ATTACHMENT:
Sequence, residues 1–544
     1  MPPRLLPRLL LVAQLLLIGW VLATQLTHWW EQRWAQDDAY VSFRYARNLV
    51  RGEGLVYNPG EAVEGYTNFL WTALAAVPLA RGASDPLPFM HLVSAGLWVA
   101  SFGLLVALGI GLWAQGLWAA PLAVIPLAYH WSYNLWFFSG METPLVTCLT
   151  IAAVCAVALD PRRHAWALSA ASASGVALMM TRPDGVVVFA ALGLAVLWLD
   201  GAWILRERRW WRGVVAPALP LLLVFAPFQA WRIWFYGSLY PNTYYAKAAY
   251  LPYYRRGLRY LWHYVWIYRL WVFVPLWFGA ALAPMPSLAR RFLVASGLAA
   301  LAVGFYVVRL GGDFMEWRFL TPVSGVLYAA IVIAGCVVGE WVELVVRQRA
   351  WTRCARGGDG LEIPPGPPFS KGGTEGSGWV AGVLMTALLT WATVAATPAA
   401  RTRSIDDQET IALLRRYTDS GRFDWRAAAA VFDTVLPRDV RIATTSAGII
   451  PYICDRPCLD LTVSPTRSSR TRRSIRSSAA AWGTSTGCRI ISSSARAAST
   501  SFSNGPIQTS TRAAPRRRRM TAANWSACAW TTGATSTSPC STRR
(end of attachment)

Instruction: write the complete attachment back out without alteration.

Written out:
Sequence, residues 1–544
     1  MPPRLLPRLL LVAQLLLIGW VLATQLTHWW EQRWAQDDAY VSFRYARNLV
    51  RGEGLVYNPG EAVEGYTNFL WTALAAVPLA RGASDPLPFM HLVSAGLWVA
   101  SFGLLVALGI GLWAQGLWAA PLAVIPLAYH WSYNLWFFSG METPLVTCLT
   151  IAAVCAVALD PRRHAWALSA ASASGVALMM TRPDGVVVFA ALGLAVLWLD
   201  GAWILRERRW WRGVVAPALP LLLVFAPFQA WRIWFYGSLY PNTYYAKAAY
   251  LPYYRRGLRY LWHYVWIYRL WVFVPLWFGA ALAPMPSLAR RFLVASGLAA
   301  LAVGFYVVRL GGDFMEWRFL TPVSGVLYAA IVIAGCVVGE WVELVVRQRA
   351  WTRCARGGDG LEIPPGPPFS KGGTEGSGWV AGVLMTALLT WATVAATPAA
   401  RTRSIDDQET IALLRRYTDS GRFDWRAAAA VFDTVLPRDV RIATTSAGII
   451  PYICDRPCLD LTVSPTRSSR TRRSIRSSAA AWGTSTGCRI ISSSARAAST
   501  SFSNGPIQTS TRAAPRRRRM TAANWSACAW TTGATSTSPC STRR